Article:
So as part of “PR” on a book one does interviews and presentations. Such information sources have data and tie to the book. Here is one that just came out this week.
StickyMinds
http://www.stickyminds.com/s.asp?F=S18047_ART_2

So this raises the question of information overload in my mind. I sometimes feel like I get to much information, e.g. books, magazines, web pages, emails, tweets, blogs, forums, white papers, presentations, webinars, radio, TV, my dog barking, my wife, my family,…………

We all filter these. In the case of several of these information flows listed above, I filter at the wrong time, e.g. my dog cries to go out, I ignore, she poops in the house.

So be careful with filters and bias. We all have them. Do you even know the filters and bias you have? A good tester thinks about these things. You need good filters. You need to know when to turn the filters on and off as a tester. If you don’t know about information filters and bias as a tester, you should do some more reading on these subjects.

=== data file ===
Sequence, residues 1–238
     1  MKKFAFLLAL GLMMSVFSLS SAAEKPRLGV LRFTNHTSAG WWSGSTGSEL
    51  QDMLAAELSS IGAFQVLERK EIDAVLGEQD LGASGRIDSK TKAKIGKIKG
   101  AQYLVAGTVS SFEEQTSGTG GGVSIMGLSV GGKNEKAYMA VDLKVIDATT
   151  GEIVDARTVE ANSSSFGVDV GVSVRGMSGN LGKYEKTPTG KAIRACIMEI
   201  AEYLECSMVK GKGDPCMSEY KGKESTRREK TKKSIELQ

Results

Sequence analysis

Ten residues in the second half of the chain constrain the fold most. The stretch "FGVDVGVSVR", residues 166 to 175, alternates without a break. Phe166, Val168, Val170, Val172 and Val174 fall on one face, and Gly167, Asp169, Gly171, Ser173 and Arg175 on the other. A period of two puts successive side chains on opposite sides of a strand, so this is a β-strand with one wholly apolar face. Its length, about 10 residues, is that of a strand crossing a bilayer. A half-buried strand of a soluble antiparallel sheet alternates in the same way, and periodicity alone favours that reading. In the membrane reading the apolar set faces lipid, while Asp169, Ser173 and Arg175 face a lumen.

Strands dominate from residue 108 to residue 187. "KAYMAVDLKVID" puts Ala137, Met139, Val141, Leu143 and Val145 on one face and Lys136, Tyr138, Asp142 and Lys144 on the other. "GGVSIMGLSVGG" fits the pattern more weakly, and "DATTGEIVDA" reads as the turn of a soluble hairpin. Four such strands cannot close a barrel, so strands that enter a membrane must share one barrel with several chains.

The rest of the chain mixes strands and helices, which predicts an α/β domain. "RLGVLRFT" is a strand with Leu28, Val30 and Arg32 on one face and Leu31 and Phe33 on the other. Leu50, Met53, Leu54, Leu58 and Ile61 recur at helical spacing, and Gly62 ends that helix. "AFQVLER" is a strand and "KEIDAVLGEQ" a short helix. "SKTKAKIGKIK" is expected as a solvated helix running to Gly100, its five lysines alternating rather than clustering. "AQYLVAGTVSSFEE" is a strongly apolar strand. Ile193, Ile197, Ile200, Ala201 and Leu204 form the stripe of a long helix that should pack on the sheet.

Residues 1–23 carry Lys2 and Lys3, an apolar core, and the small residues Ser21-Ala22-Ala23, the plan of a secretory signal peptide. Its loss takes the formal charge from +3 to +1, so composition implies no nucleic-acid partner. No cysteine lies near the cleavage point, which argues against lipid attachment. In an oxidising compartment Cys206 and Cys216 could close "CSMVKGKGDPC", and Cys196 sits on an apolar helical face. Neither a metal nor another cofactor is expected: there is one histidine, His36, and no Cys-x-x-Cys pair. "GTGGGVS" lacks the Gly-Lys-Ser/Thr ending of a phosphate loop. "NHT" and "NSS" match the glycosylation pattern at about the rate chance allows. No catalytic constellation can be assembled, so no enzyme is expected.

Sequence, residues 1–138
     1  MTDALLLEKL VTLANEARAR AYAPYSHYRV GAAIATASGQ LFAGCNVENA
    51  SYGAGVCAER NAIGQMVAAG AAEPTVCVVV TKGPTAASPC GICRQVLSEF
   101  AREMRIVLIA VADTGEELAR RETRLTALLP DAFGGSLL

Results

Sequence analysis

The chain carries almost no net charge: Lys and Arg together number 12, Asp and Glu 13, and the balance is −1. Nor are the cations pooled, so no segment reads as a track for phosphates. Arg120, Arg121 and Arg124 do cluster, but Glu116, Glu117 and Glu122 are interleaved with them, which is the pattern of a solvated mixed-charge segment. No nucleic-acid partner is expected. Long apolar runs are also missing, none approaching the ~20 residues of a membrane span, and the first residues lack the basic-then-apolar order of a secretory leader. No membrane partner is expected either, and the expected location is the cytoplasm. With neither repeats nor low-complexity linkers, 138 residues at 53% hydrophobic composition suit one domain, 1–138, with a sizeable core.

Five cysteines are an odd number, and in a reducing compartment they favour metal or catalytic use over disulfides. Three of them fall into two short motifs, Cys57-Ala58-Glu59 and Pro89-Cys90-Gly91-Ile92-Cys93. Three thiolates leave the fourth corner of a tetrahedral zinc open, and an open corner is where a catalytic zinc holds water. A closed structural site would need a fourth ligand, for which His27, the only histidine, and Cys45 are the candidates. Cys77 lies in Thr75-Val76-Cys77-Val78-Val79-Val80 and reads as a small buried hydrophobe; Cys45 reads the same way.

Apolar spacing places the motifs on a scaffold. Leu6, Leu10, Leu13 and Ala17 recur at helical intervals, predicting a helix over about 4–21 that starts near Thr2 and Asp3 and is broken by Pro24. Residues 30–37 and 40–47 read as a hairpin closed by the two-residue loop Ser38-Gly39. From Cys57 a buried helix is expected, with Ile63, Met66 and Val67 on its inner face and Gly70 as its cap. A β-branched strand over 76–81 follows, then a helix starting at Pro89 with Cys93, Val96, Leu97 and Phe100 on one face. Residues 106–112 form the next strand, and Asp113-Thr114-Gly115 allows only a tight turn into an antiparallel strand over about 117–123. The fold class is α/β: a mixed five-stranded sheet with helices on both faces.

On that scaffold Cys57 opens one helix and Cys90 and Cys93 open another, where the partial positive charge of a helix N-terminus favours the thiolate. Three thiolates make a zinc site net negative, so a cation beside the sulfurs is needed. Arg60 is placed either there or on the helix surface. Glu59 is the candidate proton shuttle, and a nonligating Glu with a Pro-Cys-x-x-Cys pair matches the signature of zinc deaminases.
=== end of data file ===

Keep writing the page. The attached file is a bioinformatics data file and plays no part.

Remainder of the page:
I hope you don’t filter this blog and interview. I am still trying to understand better ways to filter the information age. Let me know if you have some good ones. I’d like to improve filters for email, tweets, and forums.

Book is Here!

After years of hard work, my dream has been achieved. FedEx delivered copies of my book from CRCPress!  (Order your copy from your favorite bookseller.)  Now, I get to think about all the things I’d like to change in the book and I would like to begin work on other books.

Testing, as a profession, is about constantly learning and thinking. Hopefully I’ll last other 10 years. Thanks to all who helped me or will help me.